From Marvel Entertainment

Nov. 23, 2011

 

Marvel’s First Family Reignites in FANTASTIC FOUR #600

The Human Torch Makes His Stunning Return In Oversized 50th Anniversary Issue

 

New York – “FLAME ON” once more! Fantastic Four #600, available today in comic stores and on the Marvel Comics app, brings the Human Torch back to the Marvel Universe. But, after his dramatic death, how did this founding member of the FF return? And, when one of their deadliest enemies mounts his greatest assault, will this family reunion be short-lived? The answers arrive in this giant-sized issue—with 100 pages of all-new stories—from writer Jonathan Hickman and some of the most acclaimed artists in comics today, including Steve Epting, Leinil Yu and more! This issue also features covers from the some of the biggest names in comics, including John Romita Jr, Gabriele Dell’Otto, Arthur Adams and Marvel Chief Creative Officer Joe Quesada!

 

“As befits the 50th anniversary of the team, this is the biggest Fantastic Four story we’ve ever told, from the scope of the story to the sheer amount of new—and important—stories in this issue.” said Tom Brevoort, Marvel SVP/Executive Editor. “Jonathan Hickman, along with our unrivaled art team, have pulled out all the stops for a story that epitomizes why the Fantastic Four are some of the most important characters in pop culture history. Fantastic Four #600 is going to blow you away!”

 

Then, next week, the story continues in FF #12, from Hickman and artist Juan Bobillo, as the story you’ve demanded is finally told—learn just how Doctor Doom and the youngest members of the Future Foundation will save us all!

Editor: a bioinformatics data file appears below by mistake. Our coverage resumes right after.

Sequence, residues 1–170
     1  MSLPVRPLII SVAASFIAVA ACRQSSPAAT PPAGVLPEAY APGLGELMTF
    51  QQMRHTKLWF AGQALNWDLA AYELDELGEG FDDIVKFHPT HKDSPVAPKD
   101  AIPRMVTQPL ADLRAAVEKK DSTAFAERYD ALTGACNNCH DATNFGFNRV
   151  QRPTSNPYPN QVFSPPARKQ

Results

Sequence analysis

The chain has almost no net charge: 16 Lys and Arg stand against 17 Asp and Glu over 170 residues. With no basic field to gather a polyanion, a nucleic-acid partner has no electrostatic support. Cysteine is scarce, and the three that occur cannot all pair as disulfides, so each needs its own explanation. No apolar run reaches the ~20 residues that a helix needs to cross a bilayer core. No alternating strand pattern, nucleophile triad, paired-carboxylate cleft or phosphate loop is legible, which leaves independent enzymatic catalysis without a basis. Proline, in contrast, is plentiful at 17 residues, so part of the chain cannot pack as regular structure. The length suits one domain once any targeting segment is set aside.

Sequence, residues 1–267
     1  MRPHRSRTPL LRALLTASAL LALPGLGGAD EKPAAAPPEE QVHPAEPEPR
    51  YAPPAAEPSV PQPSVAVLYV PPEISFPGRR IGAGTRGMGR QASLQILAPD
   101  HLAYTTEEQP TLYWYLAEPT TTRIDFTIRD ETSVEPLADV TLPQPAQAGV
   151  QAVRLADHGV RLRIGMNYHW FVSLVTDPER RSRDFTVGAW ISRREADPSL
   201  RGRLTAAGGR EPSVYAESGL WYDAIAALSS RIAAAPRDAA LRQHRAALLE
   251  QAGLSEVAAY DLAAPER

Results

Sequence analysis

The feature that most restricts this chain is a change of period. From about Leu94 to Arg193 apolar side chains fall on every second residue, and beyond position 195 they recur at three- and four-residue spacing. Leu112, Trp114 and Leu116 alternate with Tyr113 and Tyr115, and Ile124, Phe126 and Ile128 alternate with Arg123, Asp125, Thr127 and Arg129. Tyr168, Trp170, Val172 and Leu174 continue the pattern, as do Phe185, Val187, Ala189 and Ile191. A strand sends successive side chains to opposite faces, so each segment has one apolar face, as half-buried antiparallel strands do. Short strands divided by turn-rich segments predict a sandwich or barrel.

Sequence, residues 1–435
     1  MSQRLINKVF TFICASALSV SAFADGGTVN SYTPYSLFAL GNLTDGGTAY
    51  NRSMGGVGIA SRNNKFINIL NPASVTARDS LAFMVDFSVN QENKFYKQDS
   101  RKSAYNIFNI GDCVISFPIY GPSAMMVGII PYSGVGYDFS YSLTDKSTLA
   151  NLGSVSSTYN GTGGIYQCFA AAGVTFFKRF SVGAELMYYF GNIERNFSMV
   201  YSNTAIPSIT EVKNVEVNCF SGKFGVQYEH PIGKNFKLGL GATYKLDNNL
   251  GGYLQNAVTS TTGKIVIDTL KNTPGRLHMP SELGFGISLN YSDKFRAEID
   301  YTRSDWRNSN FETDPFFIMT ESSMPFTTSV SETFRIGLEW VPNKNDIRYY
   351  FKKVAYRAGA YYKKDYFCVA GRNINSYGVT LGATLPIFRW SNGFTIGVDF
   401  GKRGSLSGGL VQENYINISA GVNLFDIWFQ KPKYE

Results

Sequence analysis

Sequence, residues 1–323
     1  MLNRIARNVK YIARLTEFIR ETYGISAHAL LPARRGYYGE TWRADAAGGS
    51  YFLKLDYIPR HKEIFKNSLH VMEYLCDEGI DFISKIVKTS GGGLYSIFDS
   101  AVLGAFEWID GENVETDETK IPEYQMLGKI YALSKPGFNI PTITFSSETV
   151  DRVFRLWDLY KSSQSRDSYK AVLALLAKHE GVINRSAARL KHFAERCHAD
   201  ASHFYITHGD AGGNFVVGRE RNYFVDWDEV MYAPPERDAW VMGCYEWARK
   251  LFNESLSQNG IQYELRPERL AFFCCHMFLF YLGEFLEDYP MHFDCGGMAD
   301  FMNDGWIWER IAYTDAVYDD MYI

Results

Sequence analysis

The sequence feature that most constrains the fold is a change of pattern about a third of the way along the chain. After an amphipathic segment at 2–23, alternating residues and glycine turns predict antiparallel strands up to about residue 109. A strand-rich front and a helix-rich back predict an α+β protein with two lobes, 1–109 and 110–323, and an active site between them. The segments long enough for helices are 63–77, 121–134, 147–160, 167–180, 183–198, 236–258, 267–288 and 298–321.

Fantastic Four #1 debuted in 1961, kicking off the “Marvel Age” of comics and dramatically increasing the popularity of super heroes. As the progenitor of Marvel Universe, the Fantastic Four set a new tone for super hero comics with its nuanced characterization, reflection of real world fears and progressive depiction of super heroes. Through the years, the Fantastic Four have been involved in many of comics most important & memorable storylines, from the introduction of Galactus to the chart-topping Civil War and the recent death of the Human Torch, which garnered mainstream media attention worldwide. Earlier this year the group was reinvented as the Future Foundation in the new FF series and has been one of Marvel’s top-selling, most acclaimed launches of the year.

 

It’s the book that has everyone buzzing—check out Fantastic Four #600, available right now in comic stores and on the Marvel Comics app!

 

FANTASTIC FOUR #600 (SEP110551)

Written by JONATHAN HICKMAN

Art by STEVE EPTING, LEINIL YU, CARMINE DI GIANDOMENICO, FAREL DALRYMPLE & MING DOYLE

Cover by GABRIELE DELL’OTTO

ON SALE NOW!

 

FF #12 (SEP110556)

Written by JONATHAN HICKMAN
Art by JUAN BOBILLO
Cover by STEVE EPTING

ON SALE – 11/30/11

 

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Ah!  Thanks for the clarification, Cap!  I was wondering why Crystal was in blue.

Captain Comics said:

There's a reason for that, Oric. Art Adams's cover is an homage to a Jack Kirby cover from the 1960s, during a time when Sue was on maternity leave and Crystal of the Inhumans was taking her place. Note that Crystal is in FF blue, not her usual yellow, although the "4" symbol is covered by her hair.